LBS Conference on Asset Management (12/11/2010)
* Is there really a risk free rate in the current economic situation?
* Is there an uncorrelated asset?
* 2007 Credit risk, 2008 Liquidity Risk, 2009 Market Risk, 2010 Sovereignty Risk
* Fixed income leaders: PIMCO, BLACKROCK
* Chinese inflation concerns have led to higher interest rates and an appreciation of their currency which has led to current falls in equity markets.
* Irish default 2012 has led to fears of contagion across EU
* QE, buy US treasuries, increase price of bonds, lower interest rates, depreciate USD, exports more competitive and stimulate internal demand to lower risk of deflation.
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* Gold: Bretton Woods, back to the same issues, G-20 protectionist policies and currencies.
* Do emerging countries care about the USD?
* Need to think about geopolitics
* Active vs. passive investment, just back to 2001
* Opportunity set in credit markets is the biggest it has ever been
* Stocks: who is investing the money?
* Conflict between the political world and the financial world
* Securitization in the future?
* Brazil has imposed free flow capital restrictions
* US printing money?
* World macro scenario is daunting
Robert Jenkins Questions
* Is the world more vulnerable to deflation/inflation?
* QE very inflationary (Louis) in the long term
* Who in their right mind would invest in 30 year US treasuries (Dominic). Investor would if they feel they are being fairly compensated, but in the short term the markets are more concerned with deflation in the short term. In long term more concerned with inflation.
* It is the end that matters, lessons from Japan
* US administration favors to err on the side of inflation, the economy matters, it is a central theme for reelection.
* Is the Euro under threat?
* We are realizing that defaults actually happen and cause stress to the market
* At the political level, the Euro survives
* In financial markets, Euro facing fundamental risks
* Peripheral countries in Euro zone it is in no one’s interest to let them fail, especially when Germany and others have strong fundamentals.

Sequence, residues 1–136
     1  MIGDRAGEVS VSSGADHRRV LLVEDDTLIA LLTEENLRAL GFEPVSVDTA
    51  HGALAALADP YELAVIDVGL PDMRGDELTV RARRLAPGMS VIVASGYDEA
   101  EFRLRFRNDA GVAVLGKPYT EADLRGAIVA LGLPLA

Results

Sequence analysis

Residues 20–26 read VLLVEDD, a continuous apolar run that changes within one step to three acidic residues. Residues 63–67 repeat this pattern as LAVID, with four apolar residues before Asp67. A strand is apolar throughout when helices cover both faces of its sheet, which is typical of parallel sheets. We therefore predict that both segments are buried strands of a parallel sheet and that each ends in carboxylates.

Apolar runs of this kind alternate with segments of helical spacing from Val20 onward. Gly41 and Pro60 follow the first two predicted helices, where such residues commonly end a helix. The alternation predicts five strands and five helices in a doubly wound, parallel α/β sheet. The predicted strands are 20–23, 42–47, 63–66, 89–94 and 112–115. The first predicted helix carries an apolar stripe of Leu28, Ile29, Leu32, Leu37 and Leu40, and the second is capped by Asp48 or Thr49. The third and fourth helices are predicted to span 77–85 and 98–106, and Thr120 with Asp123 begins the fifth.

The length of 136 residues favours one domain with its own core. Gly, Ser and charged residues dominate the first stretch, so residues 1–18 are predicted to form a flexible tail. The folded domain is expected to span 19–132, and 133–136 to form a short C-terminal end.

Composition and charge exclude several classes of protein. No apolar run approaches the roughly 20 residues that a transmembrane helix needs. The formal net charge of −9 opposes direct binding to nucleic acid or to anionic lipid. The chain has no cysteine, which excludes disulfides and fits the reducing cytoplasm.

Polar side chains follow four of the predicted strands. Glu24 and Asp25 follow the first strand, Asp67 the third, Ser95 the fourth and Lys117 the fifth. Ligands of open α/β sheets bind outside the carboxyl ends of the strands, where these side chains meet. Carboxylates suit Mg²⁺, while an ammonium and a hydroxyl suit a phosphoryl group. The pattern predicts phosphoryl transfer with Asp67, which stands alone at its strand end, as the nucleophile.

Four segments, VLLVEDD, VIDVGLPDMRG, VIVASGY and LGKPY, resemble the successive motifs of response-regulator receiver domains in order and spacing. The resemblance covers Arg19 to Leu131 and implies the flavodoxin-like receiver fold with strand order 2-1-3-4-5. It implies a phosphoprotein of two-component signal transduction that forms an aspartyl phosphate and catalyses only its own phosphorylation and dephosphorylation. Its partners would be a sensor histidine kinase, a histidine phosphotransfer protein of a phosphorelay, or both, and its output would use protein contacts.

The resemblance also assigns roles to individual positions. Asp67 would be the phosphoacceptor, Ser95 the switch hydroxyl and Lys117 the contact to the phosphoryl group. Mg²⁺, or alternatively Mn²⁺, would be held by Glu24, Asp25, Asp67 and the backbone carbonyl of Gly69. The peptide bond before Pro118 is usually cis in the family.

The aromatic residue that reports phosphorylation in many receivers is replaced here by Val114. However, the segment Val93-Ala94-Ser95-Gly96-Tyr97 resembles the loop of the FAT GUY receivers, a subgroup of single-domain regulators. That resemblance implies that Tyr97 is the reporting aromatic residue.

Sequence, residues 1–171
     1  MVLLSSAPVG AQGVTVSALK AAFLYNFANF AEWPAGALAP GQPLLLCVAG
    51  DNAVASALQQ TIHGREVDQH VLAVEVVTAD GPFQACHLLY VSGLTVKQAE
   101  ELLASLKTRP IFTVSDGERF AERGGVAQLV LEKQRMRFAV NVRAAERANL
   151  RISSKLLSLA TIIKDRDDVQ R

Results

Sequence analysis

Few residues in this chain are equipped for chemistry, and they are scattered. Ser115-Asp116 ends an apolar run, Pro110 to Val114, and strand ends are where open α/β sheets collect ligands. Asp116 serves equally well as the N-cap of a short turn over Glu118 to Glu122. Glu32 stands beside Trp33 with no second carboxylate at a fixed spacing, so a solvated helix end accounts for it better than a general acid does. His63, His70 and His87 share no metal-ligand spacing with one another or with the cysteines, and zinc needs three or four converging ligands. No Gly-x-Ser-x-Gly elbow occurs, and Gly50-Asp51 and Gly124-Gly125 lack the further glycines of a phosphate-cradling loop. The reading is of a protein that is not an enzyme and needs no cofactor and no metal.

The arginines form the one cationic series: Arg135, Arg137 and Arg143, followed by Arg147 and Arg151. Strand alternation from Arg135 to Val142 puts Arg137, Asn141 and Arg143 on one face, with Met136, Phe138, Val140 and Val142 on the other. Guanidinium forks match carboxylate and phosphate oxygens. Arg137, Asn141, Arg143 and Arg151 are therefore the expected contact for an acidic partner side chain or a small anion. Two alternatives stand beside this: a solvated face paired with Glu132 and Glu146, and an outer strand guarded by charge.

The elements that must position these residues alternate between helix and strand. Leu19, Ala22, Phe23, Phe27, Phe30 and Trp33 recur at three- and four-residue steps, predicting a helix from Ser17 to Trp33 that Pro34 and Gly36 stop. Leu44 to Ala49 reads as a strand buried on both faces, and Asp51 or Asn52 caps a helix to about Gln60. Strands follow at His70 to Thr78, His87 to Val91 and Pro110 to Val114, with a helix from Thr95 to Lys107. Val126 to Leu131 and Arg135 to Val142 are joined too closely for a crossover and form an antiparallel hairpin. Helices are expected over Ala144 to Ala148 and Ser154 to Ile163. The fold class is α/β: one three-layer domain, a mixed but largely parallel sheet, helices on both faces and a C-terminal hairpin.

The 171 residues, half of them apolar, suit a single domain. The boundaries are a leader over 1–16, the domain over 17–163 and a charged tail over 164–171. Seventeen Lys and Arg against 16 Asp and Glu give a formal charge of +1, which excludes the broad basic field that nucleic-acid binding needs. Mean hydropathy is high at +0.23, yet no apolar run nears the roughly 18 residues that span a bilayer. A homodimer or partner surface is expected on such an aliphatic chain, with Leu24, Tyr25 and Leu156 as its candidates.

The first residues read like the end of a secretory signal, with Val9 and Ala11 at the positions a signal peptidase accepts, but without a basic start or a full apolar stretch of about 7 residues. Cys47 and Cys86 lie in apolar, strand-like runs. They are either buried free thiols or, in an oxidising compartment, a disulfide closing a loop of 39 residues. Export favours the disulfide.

* In the long term, demographics are a problem for the Euro due to lack of control over competitiveness.
* In the short term the Euro is safe for political reasons
* How do you engineer nominal depreciation when you have a common currency – can’t rely on traditional economic tools
* Louis – Greece’s funding levels for sovereigns are unsustainable, there is not enough economic growth to support promises. Evident that they will have to restructure. Have bailed out banks to the detriment of the economy.
* The credit bubble has migrated from the private sector to the public sector
* Liabilities are easier to finance for the public sector due to taxes although face high political costs.
* Have we witnessed decoupling between developed and emerging market economies?
* QE has caused competitive devaluation
* The UK doesn’t have refinancing problems since its debt isn’t maturing for another 19 years and they have reflected this through their keenness to control public spending.
* Japan has a high GDP/debt ratio, one of highest in the world. However Japanese culture has a high propensity to save and they can fund 95% of their bond market.
* However, the US funds just 50% of their bond market. It can’t finance own debt.
* Why do we all assume that the Japanese solution failed?
* We shouldn’t two decades later Japan has maintained it standard of living at the expense of pessimistic...